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  1. #1
    ColdEye's Avatar
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    Shutter Speed for Handheld Shooting

    Is it doable for somebody with shaky hands (me) to shoot macro handheld? I know I should get a tripod, but I don't have one yet. I was trying to shoot some stuff using a 55mm and when it goes to 1:1, the shaking is noticeable in the viewfinder. I used a shutter speed of 1/500, will that do? What might be the lowest shutter speed to use without necessary blur?

  2. #2
    2F/2F's Avatar
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    It depends on how close you are and how much you are shaking. Sometimes you can get away with it. Other times not. But a tripod whenever possible is the way to go. I would say that at '500 with a 55mm lens you will likely have sharp shots...but only in focus if your focusing screen is perfectly calibrated.
    2F/2F

    "Truth and love are my law and worship. Form and conscience are my manifestation and guide. Nature and peace are my shelter and companions. Order is my attitude. Beauty and perfection are my attack."

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  3. #3

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    With macro, especially extreme macros like 1:1 has challenges. Not only it is difficult to get enough light in to properly illuminate the subject and keep the shutter speed high (otherwise motion blur will ocurr), but also keeping the distance from the subject steady is hard. Please note, at this kind of distance and with reasonable aperture that will enable you to hand-hold, your DOF may be tenth of an inch or narrower. If you move forward and back even JUST a little, you can easily move outside of DOF resulting in soft image.

    I have 105mm f/2.8 macro. Handholding is a challenge.
    Develop, stop, fix.... wait.... where's my film?

  4. #4
    MattKing's Avatar
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    At 1:1, the shaking is magnified just as much as the subject!

    Don't forget that tripods aren't the only way to steady a camera.

    You can place the camera on a solid surface like a table and use a cable release or the self-timer.

    A "bean bag" can be a great camera support.

    Even bracing the camera against a door jamb can really help.

    A tripod is the most flexible option though.
    Matt

    “Photography is a complex and fluid medium, and its many factors are not applied in simple sequence. Rather, the process may be likened to the art of the juggler in keeping many balls in the air at one time!”

    Ansel Adams, from the introduction to The Negative - The New Ansel Adams Photography Series / Book 2

  5. #5
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    Quote Originally Posted by MattKing View Post

    A tripod is the most flexible option though.
    Flexible tripods suck.
    I do use a digital device in my photographic pursuits when necessary.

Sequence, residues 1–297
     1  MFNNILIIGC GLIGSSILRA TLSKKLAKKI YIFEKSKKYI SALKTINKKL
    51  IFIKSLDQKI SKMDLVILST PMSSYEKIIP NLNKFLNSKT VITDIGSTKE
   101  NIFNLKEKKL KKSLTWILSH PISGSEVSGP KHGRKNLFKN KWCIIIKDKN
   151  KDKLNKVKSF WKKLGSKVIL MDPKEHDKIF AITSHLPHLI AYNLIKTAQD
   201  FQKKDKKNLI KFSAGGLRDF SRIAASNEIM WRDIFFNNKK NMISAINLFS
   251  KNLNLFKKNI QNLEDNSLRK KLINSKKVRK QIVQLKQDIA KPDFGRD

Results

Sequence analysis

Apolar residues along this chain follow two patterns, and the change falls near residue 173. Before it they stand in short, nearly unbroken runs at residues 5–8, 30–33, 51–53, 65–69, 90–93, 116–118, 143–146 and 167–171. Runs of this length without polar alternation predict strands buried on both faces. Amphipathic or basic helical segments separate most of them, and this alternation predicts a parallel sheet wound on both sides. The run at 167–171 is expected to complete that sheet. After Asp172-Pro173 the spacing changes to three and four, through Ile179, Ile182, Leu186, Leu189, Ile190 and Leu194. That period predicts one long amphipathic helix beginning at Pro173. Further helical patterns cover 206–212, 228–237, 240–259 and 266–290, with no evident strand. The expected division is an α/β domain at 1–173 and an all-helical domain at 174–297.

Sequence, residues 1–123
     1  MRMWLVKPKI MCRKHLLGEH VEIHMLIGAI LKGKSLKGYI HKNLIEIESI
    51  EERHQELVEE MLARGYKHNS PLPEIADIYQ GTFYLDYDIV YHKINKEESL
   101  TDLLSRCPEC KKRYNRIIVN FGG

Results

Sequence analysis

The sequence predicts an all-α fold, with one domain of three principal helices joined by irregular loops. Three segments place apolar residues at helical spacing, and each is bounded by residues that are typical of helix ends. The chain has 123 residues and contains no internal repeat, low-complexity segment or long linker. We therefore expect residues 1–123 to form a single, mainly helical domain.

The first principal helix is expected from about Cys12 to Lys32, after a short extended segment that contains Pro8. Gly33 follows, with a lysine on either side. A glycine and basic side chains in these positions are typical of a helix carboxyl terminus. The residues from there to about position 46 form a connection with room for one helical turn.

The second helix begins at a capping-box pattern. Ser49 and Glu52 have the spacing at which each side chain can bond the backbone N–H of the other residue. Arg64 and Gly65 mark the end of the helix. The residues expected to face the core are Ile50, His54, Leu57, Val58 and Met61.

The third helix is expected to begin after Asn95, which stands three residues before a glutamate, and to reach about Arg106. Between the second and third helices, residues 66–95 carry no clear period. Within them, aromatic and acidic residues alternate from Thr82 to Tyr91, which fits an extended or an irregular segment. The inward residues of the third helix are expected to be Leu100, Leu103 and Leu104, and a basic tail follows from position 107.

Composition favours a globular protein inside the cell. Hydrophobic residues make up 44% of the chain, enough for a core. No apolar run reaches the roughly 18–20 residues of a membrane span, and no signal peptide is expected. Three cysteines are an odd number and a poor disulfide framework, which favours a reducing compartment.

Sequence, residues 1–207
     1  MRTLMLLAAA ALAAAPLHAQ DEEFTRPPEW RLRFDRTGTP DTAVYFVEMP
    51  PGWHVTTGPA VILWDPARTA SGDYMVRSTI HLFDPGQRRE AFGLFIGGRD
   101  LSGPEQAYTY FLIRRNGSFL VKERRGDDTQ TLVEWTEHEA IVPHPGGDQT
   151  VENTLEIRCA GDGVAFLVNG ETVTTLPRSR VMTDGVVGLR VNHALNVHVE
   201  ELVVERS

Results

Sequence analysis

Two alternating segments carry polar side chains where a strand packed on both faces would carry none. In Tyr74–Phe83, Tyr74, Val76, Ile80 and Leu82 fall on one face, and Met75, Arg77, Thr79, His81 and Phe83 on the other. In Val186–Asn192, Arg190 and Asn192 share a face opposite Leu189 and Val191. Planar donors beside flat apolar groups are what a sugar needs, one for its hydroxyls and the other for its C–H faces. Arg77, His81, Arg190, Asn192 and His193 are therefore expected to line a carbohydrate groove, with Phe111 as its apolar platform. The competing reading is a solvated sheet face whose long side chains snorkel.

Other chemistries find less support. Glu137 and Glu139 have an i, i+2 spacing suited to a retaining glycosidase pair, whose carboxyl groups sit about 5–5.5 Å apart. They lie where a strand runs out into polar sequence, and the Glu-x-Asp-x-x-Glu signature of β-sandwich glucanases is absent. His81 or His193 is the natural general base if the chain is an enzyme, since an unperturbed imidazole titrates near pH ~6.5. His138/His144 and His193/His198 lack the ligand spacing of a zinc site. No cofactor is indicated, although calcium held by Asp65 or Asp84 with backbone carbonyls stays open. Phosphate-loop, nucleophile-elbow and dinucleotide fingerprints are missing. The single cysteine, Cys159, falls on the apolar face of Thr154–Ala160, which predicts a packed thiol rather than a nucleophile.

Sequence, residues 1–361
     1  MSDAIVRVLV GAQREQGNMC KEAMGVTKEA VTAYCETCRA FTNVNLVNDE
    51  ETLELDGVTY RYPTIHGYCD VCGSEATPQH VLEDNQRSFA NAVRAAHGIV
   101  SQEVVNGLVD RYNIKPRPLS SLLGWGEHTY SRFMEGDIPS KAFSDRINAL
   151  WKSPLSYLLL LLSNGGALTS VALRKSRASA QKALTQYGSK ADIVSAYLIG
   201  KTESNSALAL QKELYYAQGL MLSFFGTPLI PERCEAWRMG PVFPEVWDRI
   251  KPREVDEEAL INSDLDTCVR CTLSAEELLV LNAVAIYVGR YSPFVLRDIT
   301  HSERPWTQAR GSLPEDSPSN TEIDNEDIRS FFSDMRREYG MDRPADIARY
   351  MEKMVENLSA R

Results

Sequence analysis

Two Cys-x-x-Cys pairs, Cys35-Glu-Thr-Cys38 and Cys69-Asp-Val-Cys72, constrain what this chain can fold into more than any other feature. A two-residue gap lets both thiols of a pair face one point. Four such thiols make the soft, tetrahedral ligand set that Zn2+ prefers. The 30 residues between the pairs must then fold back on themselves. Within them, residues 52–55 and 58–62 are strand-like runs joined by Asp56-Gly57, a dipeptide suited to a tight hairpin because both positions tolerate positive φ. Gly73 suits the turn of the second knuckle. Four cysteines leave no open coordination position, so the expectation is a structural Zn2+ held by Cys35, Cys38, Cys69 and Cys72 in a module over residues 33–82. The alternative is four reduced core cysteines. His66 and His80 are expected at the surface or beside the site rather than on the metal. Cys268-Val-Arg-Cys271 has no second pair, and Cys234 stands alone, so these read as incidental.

When someone rags on me for using film, I use a middle digit, upraised.

  6. #6
    Ken Nadvornick's Avatar
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    Quote Originally Posted by lxdude View Post
    Flexible tripods suck.
    Except when your camera bag is rigid...



    Ken
    "Hate is an adolescent term used to stop discussion with people you disagree with. You can do better than that."
    —'blanksy', December 13, 2013

  7. #7
    Ottrdaemmerung's Avatar
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    A good rule of thumb for regular photography is that the slowest handholding speed is around the reciprocal of the focal length. For macro it may be even faster because of the extremely shallow DOF issue tkamiya mentioned.
    website | Flickr
    "Embrace the negative with absolution, your final positive reward." --IQ, "The Province," Frequency

  8. #8

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    Quote Originally Posted by Ottrdaemmerung View Post
    A good rule of thumb for regular photography is that the slowest handholding speed is around the reciprocal of the focal length. For macro it may be even faster because of the extremely shallow DOF issue tkamiya mentioned.
    Don't forget the compensation either. 2 stops for 1:1 with a 55
    Heavily sedated for your protection.

  9. #9
    ColdEye's Avatar
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    Thanks to all. Maybe I'll fashion myself a support for my camera since almost all of the shots I have planned is in like a bird's eye view. About the compensation, the lens has a guide on what the aperture is when it is in 1:2 up to 1:1, I think it is f7.1 at 1:1. Do I need to compensate on top of that?

  10. #10

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    Why dick around with supports that don't stabilize the subject too? Learn to use flash. And while you're at it, learn the basics of shooting closeup. Buy a copy of Lester Lefkowitz' book The Manual of Closeup Photography and study it.

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